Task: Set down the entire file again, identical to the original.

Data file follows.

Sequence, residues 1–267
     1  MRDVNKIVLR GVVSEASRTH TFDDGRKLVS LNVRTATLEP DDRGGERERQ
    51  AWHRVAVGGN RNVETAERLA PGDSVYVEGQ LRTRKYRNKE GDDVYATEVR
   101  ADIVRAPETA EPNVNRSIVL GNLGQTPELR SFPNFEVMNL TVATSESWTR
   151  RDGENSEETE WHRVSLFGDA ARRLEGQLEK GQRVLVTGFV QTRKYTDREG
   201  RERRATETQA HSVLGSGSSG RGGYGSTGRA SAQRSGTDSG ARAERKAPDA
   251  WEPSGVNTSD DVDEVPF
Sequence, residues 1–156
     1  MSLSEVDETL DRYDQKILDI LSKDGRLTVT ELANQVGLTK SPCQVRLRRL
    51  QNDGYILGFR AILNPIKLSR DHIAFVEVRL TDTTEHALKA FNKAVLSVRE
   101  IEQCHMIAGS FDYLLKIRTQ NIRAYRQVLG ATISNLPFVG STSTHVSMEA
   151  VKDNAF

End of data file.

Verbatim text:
Sequence, residues 1–267
     1  MRDVNKIVLR GVVSEASRTH TFDDGRKLVS LNVRTATLEP DDRGGERERQ
    51  AWHRVAVGGN RNVETAERLA PGDSVYVEGQ LRTRKYRNKE GDDVYATEVR
   101  ADIVRAPETA EPNVNRSIVL GNLGQTPELR SFPNFEVMNL TVATSESWTR
   151  RDGENSEETE WHRVSLFGDA ARRLEGQLEK GQRVLVTGFV QTRKYTDREG
   201  RERRATETQA HSVLGSGSSG RGGYGSTGRA SAQRSGTDSG ARAERKAPDA
   251  WEPSGVNTSD DVDEVPF
Sequence, residues 1–156
     1  MSLSEVDETL DRYDQKILDI LSKDGRLTVT ELANQVGLTK SPCQVRLRRL
    51  QNDGYILGFR AILNPIKLSR DHIAFVEVRL TDTTEHALKA FNKAVLSVRE
   101  IEQCHMIAGS FDYLLKIRTQ NIRAYRQVLG ATISNLPFVG STSTHVSMEA
   151  VKDNAF